The Silly Season was uncharacteristically cool this year in Sydney. We all thought we’d escaped the dreaded heatwave that comes a-knocking each and every Christmas. Bad luck. Now that the tinsel has been packed away and compulsive credit card swiping has ceased, the Sticky Season has officially begun. That’s right, Sydney summer may have been a little delayed this year but it sure as hell has arrived. Men with sweaty backs, teenagers with lobster red burns (at least it’s cheaper than a chemical peel), neighbours climbing over their fences to steal a quick dip in the pool next door.
Having endured Sydney’s hottest week on record, fortunately there is some relief to be had under the scorching sun. You scream, I scream, we all scream… well you get the idea. None of this trans-fatty, hydrogenated stuff… although I can’t truthfully deny rumours that I threw myself in front of the Mr. Whippy van in the summer of ’03.
I’m talking about hard-core ice ice [cream] baby: gelato and sorbetto, or as the French say, glace and sorbet.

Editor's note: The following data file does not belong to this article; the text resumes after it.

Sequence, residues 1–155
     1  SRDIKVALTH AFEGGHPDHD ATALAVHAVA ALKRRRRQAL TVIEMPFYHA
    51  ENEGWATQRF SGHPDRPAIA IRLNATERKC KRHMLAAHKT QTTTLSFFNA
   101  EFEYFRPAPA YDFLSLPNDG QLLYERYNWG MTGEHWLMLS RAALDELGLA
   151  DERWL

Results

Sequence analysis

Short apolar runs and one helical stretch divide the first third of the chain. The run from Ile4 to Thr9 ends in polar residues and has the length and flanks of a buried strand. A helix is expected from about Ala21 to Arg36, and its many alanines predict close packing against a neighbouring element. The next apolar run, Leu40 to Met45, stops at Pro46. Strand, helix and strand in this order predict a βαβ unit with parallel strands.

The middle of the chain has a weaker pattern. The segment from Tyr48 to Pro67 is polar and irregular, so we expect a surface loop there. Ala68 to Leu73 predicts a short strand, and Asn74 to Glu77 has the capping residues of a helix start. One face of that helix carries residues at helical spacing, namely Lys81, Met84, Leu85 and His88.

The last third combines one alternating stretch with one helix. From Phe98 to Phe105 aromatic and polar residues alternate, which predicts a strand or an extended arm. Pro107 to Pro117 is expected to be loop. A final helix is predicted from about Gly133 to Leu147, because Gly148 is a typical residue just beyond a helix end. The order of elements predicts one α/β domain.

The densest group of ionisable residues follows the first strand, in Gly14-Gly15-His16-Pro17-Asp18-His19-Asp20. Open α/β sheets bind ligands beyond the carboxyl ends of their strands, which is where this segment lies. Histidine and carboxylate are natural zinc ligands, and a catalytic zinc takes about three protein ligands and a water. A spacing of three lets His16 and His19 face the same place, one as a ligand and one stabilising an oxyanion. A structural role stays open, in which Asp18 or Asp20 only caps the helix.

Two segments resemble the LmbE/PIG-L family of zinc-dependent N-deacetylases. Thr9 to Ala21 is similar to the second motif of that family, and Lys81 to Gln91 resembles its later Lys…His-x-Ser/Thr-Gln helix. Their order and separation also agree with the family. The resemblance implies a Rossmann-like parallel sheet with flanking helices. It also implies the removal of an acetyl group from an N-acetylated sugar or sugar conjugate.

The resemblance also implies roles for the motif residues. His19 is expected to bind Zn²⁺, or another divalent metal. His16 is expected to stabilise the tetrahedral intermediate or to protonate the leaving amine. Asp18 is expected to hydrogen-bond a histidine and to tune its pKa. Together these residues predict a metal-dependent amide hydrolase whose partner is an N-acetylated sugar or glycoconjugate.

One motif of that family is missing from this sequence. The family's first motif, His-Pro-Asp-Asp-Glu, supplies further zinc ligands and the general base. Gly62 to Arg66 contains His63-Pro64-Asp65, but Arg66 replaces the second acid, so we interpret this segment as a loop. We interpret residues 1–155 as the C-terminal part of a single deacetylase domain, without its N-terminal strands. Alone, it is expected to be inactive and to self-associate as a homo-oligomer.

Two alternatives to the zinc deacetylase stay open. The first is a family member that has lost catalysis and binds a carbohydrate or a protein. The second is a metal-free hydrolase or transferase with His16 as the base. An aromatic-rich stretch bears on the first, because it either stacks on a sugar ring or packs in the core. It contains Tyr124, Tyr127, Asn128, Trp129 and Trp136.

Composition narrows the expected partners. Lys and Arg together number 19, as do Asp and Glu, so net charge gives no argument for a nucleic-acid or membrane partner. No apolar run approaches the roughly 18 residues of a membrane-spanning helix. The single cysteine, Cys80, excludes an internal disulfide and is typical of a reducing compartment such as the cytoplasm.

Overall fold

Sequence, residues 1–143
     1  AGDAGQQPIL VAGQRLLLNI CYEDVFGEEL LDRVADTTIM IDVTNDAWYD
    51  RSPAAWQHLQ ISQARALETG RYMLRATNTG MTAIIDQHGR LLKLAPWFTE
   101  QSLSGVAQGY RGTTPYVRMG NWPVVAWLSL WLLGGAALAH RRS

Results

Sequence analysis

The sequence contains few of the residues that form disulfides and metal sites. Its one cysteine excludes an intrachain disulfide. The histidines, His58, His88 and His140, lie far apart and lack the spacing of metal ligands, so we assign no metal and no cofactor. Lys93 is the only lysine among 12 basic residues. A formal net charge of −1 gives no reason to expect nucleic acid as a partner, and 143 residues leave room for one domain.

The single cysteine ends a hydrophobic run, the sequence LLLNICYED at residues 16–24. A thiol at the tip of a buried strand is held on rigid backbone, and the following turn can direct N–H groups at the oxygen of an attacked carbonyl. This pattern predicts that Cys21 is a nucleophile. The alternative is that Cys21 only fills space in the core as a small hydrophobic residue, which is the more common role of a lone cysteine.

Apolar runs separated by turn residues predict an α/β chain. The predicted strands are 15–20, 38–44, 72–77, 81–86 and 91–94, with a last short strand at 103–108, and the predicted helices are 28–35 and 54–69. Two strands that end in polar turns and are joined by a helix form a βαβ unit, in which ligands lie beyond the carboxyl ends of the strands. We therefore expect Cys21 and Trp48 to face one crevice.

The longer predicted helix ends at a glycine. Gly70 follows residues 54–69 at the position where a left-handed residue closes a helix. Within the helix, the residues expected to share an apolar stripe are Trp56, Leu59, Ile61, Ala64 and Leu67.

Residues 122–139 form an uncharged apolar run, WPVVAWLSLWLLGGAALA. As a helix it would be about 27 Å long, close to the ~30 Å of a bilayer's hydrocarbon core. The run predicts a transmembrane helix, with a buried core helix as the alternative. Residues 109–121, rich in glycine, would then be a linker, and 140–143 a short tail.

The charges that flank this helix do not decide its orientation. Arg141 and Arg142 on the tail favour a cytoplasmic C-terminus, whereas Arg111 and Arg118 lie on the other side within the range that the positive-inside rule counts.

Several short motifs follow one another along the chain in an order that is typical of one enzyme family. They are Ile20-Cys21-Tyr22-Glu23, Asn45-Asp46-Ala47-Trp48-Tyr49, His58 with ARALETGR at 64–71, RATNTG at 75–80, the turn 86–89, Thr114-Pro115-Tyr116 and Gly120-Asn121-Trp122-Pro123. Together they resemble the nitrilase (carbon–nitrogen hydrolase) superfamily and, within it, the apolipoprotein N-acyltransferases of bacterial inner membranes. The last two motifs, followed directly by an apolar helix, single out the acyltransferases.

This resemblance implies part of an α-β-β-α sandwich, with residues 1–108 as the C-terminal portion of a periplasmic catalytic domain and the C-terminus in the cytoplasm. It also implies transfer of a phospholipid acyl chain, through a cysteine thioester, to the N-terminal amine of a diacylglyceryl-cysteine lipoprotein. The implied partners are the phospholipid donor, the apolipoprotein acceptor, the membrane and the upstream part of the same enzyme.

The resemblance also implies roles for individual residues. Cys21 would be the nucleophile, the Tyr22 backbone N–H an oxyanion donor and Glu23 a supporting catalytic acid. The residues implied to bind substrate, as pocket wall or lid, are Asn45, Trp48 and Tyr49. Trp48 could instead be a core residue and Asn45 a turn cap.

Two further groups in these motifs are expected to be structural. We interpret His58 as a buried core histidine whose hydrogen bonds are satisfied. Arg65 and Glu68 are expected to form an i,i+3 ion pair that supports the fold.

The laborious (?) work has all been done for you… as a true frozen dessert addict, I’ve not left one decent ice cream bar unlicked. It wasn’t easy, dear friends… on one particular occasion I found myself eating four ice creams in a row. The sensible thing would have been to taste a little and then leave the rest for my hungry little ant-friends, but I just can’t stand to let good food go to waste (so it goes to my waist instead). It’s my father’s fault, we never were allowed to leave the table without finishing everything on our plate.
So invest in a two dollar portable fan and befriend any individual who has a backyard pool/ air conditioning (good luck finding a spare patch of sand at the beach). And while you lavish in your ice cream oasis, take a moment to marvel at the wisdom of the ancient Chinese, whose inventiveness and foresight paved the way for glace geeks and sorbet suckers everywhere.
French Riviera, 68 Liverpool Street Sydney 2000
Talk about a brain freeeeeeze… let’s hope it’s not permanent.